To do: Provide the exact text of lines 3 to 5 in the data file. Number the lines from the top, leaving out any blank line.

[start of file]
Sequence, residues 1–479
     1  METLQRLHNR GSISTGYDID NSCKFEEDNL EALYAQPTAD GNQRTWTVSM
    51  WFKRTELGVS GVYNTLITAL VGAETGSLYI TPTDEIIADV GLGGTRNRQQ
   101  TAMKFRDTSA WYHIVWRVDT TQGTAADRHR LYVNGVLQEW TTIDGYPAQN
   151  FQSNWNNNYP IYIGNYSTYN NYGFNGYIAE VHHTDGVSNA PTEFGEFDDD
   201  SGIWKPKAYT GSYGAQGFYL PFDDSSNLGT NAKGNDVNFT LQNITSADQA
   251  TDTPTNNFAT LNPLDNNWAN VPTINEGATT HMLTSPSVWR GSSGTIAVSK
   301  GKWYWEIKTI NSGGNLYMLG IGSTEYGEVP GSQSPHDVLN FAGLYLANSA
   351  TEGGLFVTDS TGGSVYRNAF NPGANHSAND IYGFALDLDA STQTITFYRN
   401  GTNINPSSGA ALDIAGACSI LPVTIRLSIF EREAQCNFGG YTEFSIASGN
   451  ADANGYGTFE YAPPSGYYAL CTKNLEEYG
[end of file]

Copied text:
    51  WFKRTELGVS GVYNTLITAL VGAETGSLYI TPTDEIIADV GLGGTRNRQQ
   101  TAMKFRDTSA WYHIVWRVDT TQGTAADRHR LYVNGVLQEW TTIDGYPAQN
   151  FQSNWNNNYP IYIGNYSTYN NYGFNGYIAE VHHTDGVSNA PTEFGEFDDD